A photography student in a mustard jacket studies an A3 image printed on a Canon imagePROGRAF PRO-300 printer, which is on the table next to her.

Give your printed portfolio a professional edge

Even on a student budget, you can stand out from the crowd with a printed portfolio that does full justice to your photographic skills.

"More importantly, it will help you hone your photography skills. For instance, you might be submitting prints for a dissertation where parts are overexposed and look relatively fine on screen, but you can clearly see the overexposed areas when printed." Printing your work will help you see these flaws and encourage you to correct them in future images.

Canon offers a range of high-quality printers to choose from, depending on the budget available. Here are three of Suhaib's recommendations.

A woman wearing a lilac jumper perches on the edge of a desk holding an A2 print emerging from a Canon imagePROGRAF PRO-1000 printer.

For printing expert Suhaib, one of the great advantages for students of having a printed portfolio is that it instantly sets you apart from those who only have their images on screen. "It completely changes the game compared to just having a digital image that you're posting on your social," he says.

Canon PIXMA iP8750

The Canon PIXMA iP8750 is an A3 printer with a six-colour dye-based system that uses individually replaceable single ink tanks. "This model delivers high-quality prints for a reasonable price in the home environment," says Suhaib. "It's pretty much plug-and-play; you can print using any software and it will give you a good result."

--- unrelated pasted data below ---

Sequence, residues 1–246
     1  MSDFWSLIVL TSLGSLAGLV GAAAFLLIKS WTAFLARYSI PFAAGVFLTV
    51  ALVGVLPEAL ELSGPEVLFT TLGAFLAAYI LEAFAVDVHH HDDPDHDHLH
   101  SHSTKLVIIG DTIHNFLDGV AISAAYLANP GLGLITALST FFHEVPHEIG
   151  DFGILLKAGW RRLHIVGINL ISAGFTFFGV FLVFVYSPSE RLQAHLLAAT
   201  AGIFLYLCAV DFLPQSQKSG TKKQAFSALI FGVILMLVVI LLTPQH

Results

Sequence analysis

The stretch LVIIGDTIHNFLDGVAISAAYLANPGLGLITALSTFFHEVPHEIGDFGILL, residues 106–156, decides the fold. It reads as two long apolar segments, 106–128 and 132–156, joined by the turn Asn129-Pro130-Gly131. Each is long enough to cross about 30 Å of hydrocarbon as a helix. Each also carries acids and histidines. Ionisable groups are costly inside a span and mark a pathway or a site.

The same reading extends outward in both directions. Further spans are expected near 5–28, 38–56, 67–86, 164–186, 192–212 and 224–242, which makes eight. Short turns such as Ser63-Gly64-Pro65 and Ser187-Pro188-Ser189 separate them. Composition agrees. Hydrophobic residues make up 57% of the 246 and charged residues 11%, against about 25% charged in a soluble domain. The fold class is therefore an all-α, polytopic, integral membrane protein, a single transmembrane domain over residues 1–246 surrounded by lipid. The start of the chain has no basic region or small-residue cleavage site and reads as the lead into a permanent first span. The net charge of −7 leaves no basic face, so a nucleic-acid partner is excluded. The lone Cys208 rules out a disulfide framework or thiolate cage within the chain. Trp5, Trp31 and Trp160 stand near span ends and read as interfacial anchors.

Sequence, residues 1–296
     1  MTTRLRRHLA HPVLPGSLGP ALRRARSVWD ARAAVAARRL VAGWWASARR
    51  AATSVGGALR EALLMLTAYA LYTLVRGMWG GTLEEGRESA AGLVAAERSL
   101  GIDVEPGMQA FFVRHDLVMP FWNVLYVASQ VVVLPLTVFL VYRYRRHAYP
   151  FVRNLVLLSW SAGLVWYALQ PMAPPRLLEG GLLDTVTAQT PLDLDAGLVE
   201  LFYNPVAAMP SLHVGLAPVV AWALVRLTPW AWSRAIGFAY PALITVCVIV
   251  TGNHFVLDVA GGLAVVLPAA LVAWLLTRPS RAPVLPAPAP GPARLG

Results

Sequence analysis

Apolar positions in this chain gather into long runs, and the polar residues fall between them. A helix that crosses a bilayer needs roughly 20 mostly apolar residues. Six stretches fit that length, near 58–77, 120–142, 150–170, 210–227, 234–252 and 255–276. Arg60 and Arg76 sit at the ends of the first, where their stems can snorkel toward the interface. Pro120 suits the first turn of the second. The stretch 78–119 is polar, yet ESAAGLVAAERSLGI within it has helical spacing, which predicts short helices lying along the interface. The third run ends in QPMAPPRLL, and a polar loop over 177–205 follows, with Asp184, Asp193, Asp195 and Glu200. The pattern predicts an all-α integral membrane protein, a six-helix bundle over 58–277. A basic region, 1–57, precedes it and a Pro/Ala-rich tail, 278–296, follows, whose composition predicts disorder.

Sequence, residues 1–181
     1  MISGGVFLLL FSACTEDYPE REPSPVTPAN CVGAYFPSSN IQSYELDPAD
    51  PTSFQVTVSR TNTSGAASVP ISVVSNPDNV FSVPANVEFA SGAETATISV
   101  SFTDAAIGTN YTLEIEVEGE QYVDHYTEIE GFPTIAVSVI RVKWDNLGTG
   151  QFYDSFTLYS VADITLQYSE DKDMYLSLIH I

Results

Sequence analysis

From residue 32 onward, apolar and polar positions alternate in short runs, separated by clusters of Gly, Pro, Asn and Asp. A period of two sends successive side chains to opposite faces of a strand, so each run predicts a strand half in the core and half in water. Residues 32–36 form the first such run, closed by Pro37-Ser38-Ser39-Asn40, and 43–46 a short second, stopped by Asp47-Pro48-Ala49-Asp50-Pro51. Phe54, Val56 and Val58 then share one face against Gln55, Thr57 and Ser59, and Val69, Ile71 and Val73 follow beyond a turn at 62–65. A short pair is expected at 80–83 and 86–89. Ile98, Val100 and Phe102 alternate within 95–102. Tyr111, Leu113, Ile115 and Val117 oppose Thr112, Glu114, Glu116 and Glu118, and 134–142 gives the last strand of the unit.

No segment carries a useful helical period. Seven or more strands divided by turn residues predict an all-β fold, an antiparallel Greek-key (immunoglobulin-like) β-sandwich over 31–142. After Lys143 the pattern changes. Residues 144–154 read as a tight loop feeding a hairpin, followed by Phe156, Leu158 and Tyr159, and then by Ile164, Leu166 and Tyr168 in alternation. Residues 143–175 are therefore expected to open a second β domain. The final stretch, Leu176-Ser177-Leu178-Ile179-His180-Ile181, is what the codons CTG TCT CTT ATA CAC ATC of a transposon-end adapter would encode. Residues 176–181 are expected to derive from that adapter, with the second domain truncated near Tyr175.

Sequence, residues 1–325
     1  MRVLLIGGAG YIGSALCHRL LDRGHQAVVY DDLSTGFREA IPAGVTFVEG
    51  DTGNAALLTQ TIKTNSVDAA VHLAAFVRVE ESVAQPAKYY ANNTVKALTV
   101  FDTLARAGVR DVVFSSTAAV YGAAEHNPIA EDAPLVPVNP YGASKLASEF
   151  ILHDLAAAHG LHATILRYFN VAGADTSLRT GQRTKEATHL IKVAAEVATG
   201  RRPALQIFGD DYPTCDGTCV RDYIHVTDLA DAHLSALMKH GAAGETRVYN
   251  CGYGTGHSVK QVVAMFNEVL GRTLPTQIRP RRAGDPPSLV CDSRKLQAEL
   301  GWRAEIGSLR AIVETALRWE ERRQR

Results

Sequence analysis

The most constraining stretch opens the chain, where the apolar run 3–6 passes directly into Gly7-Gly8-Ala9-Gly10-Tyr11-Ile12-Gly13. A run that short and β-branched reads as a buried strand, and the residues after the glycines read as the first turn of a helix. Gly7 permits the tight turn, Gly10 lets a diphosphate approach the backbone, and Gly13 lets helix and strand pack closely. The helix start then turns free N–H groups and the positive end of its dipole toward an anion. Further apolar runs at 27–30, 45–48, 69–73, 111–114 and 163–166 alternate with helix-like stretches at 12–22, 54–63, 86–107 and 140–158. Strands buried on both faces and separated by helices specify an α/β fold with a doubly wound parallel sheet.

Canon PIXMA PRO-200

"If you're looking for a printer that will allow you more control over your final images, including features such as colour management, paper profiling and soft proofing, the next step up would be the Canon PIXMA PRO-200," says Suhaib. This is also a compact dye-based A3 printer, but uses eight colours for a wider colour gamut. It has a three-inch LCD display and you can fine-tune your prints for optimum quality using Canon's Professional Print & Layout (PPL) plug-in.

Canon imagePROGRAF PRO-300

"For an even wider colour gamut, the Canon imagePROGRAF PRO-300 has 10 LUCIA PRO pigment inks, which makes it ideal for fine art prints," explains Suhaib. "It's also great for black and white printing, as it uses a high-density Matte Black ink."

Canon imagePROGRAF PRO-1000

If your budget is more generous, another option is the Canon imagePROGRAF PRO-1000. It prints up to A2 size and offers an advanced high-longevity, pigment-based 12-ink system, as well as the benefits of using PPL.

"The PRO-1000 is very easy to use, and the quality is really good," says Nanna. "If it's beyond your individual budget, I'd advise, say, three or four students getting together to buy one and sharing it. That way, you'd all have a really good printer to make nice prints for portfolios as well as printing and selling your own work."

The kit you choose for starting work placements or freelancing depends on the kind of work you're doing and the budget you've got available. However, the above advice will help you make an informed choice on the equipment you need to produce work that displays your talents and gets your career off to a strong start.

Written by David Clark